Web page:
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Tenacious Tansy

By Audrey Stallsmith

tanacetum vulgare

Tight flower that takes the spice of all the fields
And holds it fast with seals of ancient gold,
And never with unguarded petals yields
What other flowers at every breeze unfold.

"Tansy" by Julia Cooley Altrocchi

To celebrate the graduation of my niece Tansy, I thought I'd write about the herb that is her namesake.  But, though my niece is a gifted young woman with a pretty face and name, the original tansy has a more equivocal reputation. 

In The Fragrant Path, Louise Beebe Wilder calls it "a tall, coarse, beautiful wayward weed, with lacelike leaves and heads of tarnished gold buttons."  Tansy's bracing scent, which has been compared to a mix of camphor and rosemary, also made it a popular strewing herb in ancient times as it supposedly repels insects.  It was even rubbed on meat sometimes to fend off flies. 

Its  name, tanacetum, derives from the Greek athanaton or "immortal."  That could be a reference to how long its flowers last or how well they dry.

It was also supposed to enhance beauty, according to Master Jherom Brunswyke's 1527 Virtuouse Boke of Distyllacion.  "I have heard that if maids will take wild Tansy and lay it to soake in Buttermilk for the space of nine days and wash their faces there with, it will make them look very faire."  A similar concoction from Gene Stratton Porter's A Girl of the Limberlost sounds a bit painful, however. 

"Later she went out beside the west fence and gathered an armful of tansy which she boiled to a thick green tea. Then she stirred in oatmeal until it was a stiff paste. She spread a sheet over her bed and began tearing strips of old muslin. She bandaged each hand and arm with the mixture and plastered the soggy, evil-smelling stuff in a thick poultice over her face and neck. . .By the third morning she was a raw even red, the fourth she had faded to a brilliant pink under the soothing influence of a cream recommended ...The following day she was a pale pink, later a delicate porcelain white."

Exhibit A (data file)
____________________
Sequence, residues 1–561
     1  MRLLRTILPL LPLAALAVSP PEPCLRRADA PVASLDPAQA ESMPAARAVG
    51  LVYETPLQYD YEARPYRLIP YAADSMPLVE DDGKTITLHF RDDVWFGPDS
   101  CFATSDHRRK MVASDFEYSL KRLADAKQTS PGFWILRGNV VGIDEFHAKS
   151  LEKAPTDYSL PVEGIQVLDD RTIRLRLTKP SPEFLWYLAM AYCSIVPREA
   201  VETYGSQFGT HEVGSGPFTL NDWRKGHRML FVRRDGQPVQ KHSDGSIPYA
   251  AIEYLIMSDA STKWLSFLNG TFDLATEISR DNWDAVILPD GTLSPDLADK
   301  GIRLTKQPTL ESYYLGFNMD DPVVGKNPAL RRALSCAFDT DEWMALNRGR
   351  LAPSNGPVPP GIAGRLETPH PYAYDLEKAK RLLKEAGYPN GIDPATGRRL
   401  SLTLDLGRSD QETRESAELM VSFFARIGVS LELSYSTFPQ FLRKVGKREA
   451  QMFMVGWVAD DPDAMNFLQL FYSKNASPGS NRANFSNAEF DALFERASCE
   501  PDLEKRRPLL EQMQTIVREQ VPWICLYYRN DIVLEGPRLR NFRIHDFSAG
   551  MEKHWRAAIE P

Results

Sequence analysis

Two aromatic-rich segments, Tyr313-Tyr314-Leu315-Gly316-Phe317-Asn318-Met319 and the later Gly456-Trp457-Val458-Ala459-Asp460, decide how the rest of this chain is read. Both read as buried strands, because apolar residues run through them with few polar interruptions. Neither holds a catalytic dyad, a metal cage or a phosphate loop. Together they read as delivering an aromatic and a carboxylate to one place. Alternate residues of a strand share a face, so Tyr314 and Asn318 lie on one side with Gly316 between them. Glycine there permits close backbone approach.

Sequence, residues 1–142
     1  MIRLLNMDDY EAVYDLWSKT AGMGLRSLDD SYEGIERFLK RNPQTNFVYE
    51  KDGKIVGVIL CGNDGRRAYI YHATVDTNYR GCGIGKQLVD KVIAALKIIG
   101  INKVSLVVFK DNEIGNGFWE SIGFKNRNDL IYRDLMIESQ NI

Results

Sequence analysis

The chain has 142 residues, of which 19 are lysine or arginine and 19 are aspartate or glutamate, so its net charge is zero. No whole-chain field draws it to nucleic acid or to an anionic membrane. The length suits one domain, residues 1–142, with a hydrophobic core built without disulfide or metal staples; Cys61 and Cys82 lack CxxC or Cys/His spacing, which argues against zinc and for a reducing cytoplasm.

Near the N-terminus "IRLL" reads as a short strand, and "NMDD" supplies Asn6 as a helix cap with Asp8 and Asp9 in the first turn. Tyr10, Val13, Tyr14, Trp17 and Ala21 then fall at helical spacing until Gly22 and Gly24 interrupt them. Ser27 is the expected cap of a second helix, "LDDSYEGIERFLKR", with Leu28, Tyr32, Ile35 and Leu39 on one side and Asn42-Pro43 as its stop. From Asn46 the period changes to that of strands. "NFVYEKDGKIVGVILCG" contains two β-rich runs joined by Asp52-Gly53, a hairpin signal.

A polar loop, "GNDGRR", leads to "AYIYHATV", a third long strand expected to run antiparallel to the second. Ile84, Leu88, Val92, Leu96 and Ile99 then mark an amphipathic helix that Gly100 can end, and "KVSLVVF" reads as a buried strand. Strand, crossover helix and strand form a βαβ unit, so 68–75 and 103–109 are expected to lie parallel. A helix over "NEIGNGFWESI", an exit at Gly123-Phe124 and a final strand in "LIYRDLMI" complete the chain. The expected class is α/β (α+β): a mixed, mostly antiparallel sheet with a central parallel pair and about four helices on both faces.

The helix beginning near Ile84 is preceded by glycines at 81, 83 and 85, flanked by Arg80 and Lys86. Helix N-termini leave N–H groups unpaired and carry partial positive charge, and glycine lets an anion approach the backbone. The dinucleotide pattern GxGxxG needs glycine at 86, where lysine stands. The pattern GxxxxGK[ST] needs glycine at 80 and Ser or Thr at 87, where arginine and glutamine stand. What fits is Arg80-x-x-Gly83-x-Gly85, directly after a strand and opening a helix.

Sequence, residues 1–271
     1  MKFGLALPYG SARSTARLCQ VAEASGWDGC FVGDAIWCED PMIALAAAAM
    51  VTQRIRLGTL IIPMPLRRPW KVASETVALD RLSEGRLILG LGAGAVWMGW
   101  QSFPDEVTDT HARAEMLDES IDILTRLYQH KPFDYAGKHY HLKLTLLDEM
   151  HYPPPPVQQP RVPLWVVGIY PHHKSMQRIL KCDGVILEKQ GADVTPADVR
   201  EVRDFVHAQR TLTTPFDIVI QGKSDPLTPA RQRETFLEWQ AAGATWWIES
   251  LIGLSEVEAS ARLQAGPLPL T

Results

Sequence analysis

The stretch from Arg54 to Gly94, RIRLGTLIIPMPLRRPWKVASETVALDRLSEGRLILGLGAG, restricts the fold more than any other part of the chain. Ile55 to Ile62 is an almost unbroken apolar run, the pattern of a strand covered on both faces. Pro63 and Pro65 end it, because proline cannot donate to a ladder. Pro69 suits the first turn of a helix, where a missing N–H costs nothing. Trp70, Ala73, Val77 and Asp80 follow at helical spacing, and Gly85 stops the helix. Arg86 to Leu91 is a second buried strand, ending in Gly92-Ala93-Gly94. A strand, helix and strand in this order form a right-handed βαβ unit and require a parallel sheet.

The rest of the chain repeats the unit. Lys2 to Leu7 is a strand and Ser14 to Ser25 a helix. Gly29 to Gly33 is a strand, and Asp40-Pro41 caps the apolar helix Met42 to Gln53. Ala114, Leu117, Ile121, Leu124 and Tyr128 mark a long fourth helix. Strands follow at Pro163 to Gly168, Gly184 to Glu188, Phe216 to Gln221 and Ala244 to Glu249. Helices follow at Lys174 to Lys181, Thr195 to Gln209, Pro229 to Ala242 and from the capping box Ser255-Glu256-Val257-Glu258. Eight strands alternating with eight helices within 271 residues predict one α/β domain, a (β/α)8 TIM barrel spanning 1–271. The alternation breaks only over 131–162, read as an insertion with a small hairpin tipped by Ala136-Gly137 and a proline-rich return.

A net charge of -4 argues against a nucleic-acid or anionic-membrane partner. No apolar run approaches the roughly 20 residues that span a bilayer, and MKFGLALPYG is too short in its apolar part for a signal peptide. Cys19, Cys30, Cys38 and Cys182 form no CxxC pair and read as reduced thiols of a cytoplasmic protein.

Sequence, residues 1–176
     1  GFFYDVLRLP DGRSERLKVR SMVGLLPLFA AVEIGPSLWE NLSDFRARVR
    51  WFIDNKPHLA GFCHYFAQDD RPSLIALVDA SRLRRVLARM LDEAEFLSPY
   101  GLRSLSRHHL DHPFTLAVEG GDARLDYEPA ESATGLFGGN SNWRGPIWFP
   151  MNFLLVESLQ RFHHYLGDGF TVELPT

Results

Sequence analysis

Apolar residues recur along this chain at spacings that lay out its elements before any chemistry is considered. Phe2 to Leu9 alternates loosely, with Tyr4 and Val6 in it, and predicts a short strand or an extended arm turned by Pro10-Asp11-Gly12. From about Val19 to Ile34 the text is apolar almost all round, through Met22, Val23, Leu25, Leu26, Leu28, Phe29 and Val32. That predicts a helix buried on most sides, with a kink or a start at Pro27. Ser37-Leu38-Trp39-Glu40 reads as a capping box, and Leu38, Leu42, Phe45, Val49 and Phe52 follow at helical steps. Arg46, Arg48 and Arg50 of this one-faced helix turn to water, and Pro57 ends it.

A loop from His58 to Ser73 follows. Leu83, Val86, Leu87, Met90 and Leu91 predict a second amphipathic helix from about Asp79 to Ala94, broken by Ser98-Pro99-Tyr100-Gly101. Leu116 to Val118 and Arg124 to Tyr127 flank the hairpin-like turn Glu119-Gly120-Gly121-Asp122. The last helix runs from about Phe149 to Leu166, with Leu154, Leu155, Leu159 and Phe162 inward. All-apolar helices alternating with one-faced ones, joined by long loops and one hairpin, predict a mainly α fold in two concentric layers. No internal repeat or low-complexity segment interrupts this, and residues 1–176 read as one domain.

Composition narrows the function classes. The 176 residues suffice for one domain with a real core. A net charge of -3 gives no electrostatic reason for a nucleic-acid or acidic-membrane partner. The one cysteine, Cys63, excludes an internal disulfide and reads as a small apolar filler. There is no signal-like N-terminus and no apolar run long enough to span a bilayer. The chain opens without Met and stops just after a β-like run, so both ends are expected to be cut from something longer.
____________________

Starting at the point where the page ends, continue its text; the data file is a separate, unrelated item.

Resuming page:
Fortunately, nobody wants to be that pale these days!  Tansies--omelets or puddings flavored with the herb--were also popular during or just after Lent, as symbolic of the bitter herbs served at the original Jewish Passover.  And tansy has been used to treat everything from hysteria and kidney problems to fevers, indigestion, skin diseases, and gout.

But that adds a certain "bitterness" to Wilder's further description of the herb.  "A generation or so ago it was in high repute among us as a medicinal plant and Tansy Tea was a frequent affliction that had to be suffered by the young and helpless. . .In England Tansy cakes were an Easter provision, whether in expiation of sins or as a reward I do not know. . .What hardy stomachs must our forefathers have possessed!"

Actually our forefathers seem to have enjoyed their "tansies"--since Gerard refers to their "pleasant taste."  But they were also supposed to relieve the effects of too much salt fish during Lent--which was believed to cause both indigestion and intestinal worms.  And, like most vermifuges--worm expellers--tansy is somewhat toxic.

In fact, the amount of thujone found in any particular plant is wildly unpredictable, so people have died from ingesting relatively small amounts.  Plus tansy's vaguely ominous meaning in the Language of Flowers--probably related to its repellant qualities--is "resistance" and "I declare against you."

So I would avoid any internal use of this herb!  On the up side, tansy can be used to make natural green or yellow dyes.  And, when planted near the vegetable garden, it is supposed to help repel beetles, squash bugs, and cabbage worms.  But keep in mind that, once planted, tansy is almost impossible to eradicate.  Maybe that's where the "resistance" comes in!

And that "immortality" mentioned earlier could equally well refer to tansy's tenaciousness, or to its use as an embalming herb that was supposed to discourage worms.  It was frequently inserted in winding sheets and the first president of Harvard, Henry Dunster, had his coffin stuffed full of it.  When that coffin was opened 150 years later, the tansy supposedly still retained its shape and fragrance.  (We will have to hope that Henry didn't!)  In Yorkshire tansy and caraway seeds were even added to the funeral biscuits.

But there is also something faithful about tansy's permanence, as expressed in the following poem by Arthur Ketchum. 

When by the roadsides in the sun
I see the tansy's gold and green,
I know that there in other days
Hearthstone and love and life have been.

There is no need of other sign
To mark the years of labor spent;
For all the dream, for all the hope,
The tansy stands as monument.


Tanacetum vulgare image is from Herbarium Blackwellianum by Elisabeth Blackwell, courtesy of the Missouri Botanical Garden.